By Harry S. Margolis
When we teach classes on long-term care planning we often use hypothetical clients to illustrate the application of legal planning techniques to actual situations. Here’s one such case study:
Tim and Joyce come to see you to discuss their mother, Sandra, who is 84 years old and beginning to show signs of dementia. They are planning for their mother to move to an assisted living facility near where Joyce lives so that it will be easier for Joyce to help out as needed and they won’t be as worried about Sandra living alone. Sandra is reluctant but willing to make this move.
In addition to asking you to review Sandra’s existing estate plan, Tim and Joyce are wondering if it’s possible to get some assistance paying for her assisted living care or, ultimately, for nursing home care if that ever becomes necessary.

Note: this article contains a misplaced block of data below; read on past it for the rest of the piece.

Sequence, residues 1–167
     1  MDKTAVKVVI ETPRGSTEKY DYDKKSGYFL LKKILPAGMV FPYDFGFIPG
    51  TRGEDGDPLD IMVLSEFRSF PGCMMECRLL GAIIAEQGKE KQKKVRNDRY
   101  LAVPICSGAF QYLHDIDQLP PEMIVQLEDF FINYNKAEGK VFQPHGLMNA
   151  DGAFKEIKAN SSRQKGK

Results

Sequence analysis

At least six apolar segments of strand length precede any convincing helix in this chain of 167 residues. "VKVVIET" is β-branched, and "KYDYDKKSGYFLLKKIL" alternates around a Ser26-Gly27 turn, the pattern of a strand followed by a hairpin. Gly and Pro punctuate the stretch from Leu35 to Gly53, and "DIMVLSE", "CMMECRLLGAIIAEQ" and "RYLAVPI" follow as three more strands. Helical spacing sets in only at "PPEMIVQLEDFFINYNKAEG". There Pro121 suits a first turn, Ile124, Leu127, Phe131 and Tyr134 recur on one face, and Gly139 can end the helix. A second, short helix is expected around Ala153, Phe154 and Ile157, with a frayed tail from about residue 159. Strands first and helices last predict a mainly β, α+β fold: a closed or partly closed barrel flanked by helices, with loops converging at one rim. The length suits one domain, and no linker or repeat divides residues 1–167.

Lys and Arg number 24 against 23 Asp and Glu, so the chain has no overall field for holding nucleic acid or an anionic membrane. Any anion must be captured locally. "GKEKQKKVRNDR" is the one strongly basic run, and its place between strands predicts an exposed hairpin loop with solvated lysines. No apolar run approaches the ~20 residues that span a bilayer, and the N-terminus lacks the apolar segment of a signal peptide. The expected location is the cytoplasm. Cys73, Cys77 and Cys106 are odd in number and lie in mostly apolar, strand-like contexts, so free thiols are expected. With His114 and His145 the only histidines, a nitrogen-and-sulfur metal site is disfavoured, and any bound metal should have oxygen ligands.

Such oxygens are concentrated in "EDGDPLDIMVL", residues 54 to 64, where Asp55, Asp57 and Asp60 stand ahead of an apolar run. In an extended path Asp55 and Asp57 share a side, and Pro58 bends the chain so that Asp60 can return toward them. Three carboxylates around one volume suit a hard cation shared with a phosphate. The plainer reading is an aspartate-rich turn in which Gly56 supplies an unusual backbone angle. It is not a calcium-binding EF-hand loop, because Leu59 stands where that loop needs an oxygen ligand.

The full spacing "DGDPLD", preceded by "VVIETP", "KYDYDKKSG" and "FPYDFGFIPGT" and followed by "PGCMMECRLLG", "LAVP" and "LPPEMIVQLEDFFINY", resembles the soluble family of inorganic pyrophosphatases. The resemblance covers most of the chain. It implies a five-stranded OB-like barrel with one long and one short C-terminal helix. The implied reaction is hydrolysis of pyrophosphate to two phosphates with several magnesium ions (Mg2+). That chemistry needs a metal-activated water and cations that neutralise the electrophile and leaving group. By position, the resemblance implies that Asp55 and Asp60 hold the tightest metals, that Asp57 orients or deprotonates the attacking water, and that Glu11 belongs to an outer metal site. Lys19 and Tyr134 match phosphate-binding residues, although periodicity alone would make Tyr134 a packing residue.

Sandra’s assets can be summarized as follows:
House (fair market value) $400,000
Savings & investments $250,000
Credit shelter trust left by Sandra’s husband $300,000
Her income is $2,000 a month from Social Security and a small pension.
You are the lawyer. For long-term care planning purposes, what steps do you advise the family take with respect to:
- The house?
- Sandra’s savings and investments?
- Her IRA?
- The husband’s trust?
Would your advice change if,
- Sandra needed immediate nursing home care?
- Joyce and Tim had a brother with developmental disabilities living in a group home?
- Sandra had long-term care insurance covering up to $200 a day of care for three years?